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Reflections on the demise of Fr. Stan Swamy

It is not Fr Stan that we need to mourn… It is ourselves!

Rev Valson Thampu 07 Jul 2021

ReflectionImage Courtesy:dailymaverick.co.za

I don’t know if Fr. Stan Swamy’s soul will rest in peace. Given his sincerity to the cause of Dalit and Adivasi rights, it is unlikely that it would, so long as the present situation continue. One thing, however, is certain. The present dispensation can now rest in peace. An octogenarian, enfeebled by Parkinson’s disease, unable even to hold a spoon with steady hands, will not destabilise the mighty Indian State anymore. Mera Bharat Mahan!

Why don’t I mourn Fr. Stan’s death, though it is ‘untimely’? His death is ‘untimely’ because senseless imprisonment expedited it. If so, the plain truth is that he is killed. But, if you ask me, ‘Who killed Fr. Stan?’ I will have to refer to Count Leo Tolstoy. Tolstoy says that the State is able to perpetrate atrocities through a division of labour. Now if a judge, for example, had to not only condemn, but also take Fr. Stan to a prison personally, and shut him up there, he would not be able to do it. If the NIA lawyers were to do it, their conscience too would revolt against it. Even the policemen involved, if they were to, on their own responsibility, throw Fr. Stan into the jail, they would have trembled at the abhorrence of it. But break this atrocity into many pieces and make different agencies carry out the fragments by way of discharging their ‘duties’, it can then be done with sincerity and national fervour. I too am part of this callous system. So, how can I mourn the death of this saintly man, having kept quiet about it for nearly a year?

Secondly, I feel happy for him because Fr. Stan is now in a better state than he was, while alive in circumstances such were inflicted on him for reasons he could not understand. There is a school of thought that it is easier for an innocent man to suffer. They think so because they have never suffered, innocently or otherwise. The anguish in guilt-less suffering is that one’s suffering makes no sense. It is absurd. What is absurd is unendurable. If you are punished for your wrongdoings, then you can reconcile yourself to your plight. Think, if you dare, of the plight of an old and chronically ill man in a prison. Prison-life conditions, including the psychological poison that goes with it, being what they are, even individuals much younger than Fr. Stan and in better states of health disintegrate fast. Fr. Stan himself said that it is better to die than to be in prison the way he was. So, why shouldn’t we celebrate his release from misery through the mercy of death, for neither mercy nor justice was likely to reach him in any other way?

Oh, no! It is not Fr Stan that we need to mourn. It is ourselves. Given the miasma of fear that is enveloping the country –of which the plight of Fr. Stan is a clear warning- the difference between being inside the jail and being outside of it is becoming merely notional. A story from Hitler’s Germany is relevant here. Pastor Martin Niemoller was visited in jail by some of his sympathisers who wondered why he had to be in jail. He quipped, ‘Why are you not in jail?’ That is to say, at what cost are you keeping yourself out of it?

What intrigues me most is not the efficiency and zealous patriotism of NIA that rids India of extreme threats like Fr. Stan, but the crass indifference of the Catholic Church. No one is in the dark about the communication lines between the church hierarchy and the Modi dispensation. We are also aware of the extent to which the church goes, covertly, if not overtly, to save worthies like Franko of the nun-rape fame. We have seen, over three decades, bow the accused in the Abhya nun murder case were sheltered from the arm of the law. The humongous financial investment made for their sake is also not unknown. The one thing we do not know is if anything comparable has ever been attempted by the same Church arms or agencies for the sake of Fr. Stan. He was abandoned, it seems, like an illicit baby by its unwed mother.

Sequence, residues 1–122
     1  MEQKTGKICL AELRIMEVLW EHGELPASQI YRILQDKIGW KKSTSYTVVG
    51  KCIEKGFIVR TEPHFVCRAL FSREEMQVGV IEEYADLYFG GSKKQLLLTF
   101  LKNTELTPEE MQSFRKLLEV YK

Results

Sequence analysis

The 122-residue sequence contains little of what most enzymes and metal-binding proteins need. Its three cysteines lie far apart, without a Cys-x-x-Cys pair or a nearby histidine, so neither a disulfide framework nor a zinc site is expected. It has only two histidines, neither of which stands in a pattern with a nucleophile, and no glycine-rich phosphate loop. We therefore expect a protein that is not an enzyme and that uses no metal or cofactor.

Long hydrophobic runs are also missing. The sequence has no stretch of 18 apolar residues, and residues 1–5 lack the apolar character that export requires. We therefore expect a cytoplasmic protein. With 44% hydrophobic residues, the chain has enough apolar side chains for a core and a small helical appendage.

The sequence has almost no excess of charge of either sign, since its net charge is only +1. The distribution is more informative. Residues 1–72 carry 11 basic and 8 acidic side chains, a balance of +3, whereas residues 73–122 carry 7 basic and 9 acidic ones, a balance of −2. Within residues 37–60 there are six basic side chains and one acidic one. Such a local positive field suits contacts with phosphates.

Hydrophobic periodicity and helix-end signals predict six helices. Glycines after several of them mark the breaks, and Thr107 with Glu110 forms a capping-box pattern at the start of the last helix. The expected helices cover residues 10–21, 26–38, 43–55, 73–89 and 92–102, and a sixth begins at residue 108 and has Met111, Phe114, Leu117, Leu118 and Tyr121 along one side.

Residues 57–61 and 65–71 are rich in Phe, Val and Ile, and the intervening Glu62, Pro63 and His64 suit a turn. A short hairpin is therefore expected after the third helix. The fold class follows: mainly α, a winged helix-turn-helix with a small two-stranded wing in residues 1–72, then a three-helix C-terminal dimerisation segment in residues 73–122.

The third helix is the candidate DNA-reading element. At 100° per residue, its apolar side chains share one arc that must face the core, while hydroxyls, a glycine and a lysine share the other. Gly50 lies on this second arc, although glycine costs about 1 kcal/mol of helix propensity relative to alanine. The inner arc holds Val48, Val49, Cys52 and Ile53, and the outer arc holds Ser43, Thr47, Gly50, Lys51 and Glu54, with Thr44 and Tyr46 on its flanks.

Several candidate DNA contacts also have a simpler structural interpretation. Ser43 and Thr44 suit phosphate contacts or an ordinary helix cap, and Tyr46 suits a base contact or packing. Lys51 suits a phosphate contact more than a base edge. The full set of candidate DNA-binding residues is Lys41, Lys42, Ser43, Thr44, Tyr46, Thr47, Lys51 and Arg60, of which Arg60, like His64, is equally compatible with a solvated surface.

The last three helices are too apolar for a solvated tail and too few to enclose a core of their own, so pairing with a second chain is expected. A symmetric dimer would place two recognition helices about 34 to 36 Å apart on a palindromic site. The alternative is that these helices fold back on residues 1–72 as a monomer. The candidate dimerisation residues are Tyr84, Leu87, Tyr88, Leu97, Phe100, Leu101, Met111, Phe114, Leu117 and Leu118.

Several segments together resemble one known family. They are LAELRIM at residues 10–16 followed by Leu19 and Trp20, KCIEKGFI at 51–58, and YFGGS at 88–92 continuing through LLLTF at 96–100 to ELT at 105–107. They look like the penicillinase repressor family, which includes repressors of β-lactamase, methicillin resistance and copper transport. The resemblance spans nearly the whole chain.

A couple of issues stare at us from the Fr. Stan tragedy, which is the tragedy of humanity as a whole. First, Fr. Stan has died condemned, without the due process of law. Under the UAPA, the accused is guilty until proven innocent. Fr. Stan was not proved innocent. He was ‘the accused’ at the time of his death. The accused is, under the UAPA, guilty. So, I suggest that his case be tried on an urgent basis and the truth or otherwise of the allegations against him established. This is a matter of larger significance. It is likely that many more will suffer Fr. Stan’s plight, given the increasing number of people booked under the UAPA and the inordinate in trying them as well as the protracted nature of their trials.

There is, besides, a humanitarian issue involved here. The State tends to mistake the cry of the poor for justice as a war-cry against peace and stability. Since Fr. Stan was booked under the Unlawful Activities Prevention Act, we cannot but ask: Is it ‘unlawful’ to empathise with those who struggle for their rights: both human and constitutional? The Pathalgadi movement, with which Fr. Stan was in solidarity, is a tribal movement to realise the tribal rights enshrined in the Constitution of India. From Fr. Stan’s point of view, it is a spiritual and humanitarian duty to stand with those who struggle and suffer for justice. In itself it is a humane and laudable thing. But, under the law, it has become subversive and anti-national. It has become, that is to say, dangerous to do good, if the good you do seems to go against the interests of the ruling elite. But, the right and duty of human beings to express their conscience through humanitarian activities is not subject to the charity of a State; it is a God-given duty. It is reprehensible for the State to trespass into this domain of practical spirituality.

Let’s not forget that Fr. Stan is the victim not only of callous State action but also of the even more reprehensible indifference of the people at large. Today what is done to fellow human beings doesn’t matter to us, so long as it has either the tang of ideology or the veneer of legality. So long as our own skin remains intact, we sail along without any pang of conscience. Let me, yet again, borrow the words of Pastor Niermoller: today it is Fr. Stan. Tomorrow it will be your neighbour. The day after . . . ?

*The writer is Former Principal of St. Stephen’s College 

Related:

The institutional murder of Father Stan Swamy
Fr Stan Swamy’s death highlights the need to repeal UAPA
Father Stan Swamy passes away waiting for bail
Covid-19 a virtual death sentence, new persecution tool against Bhima-Koregaon accused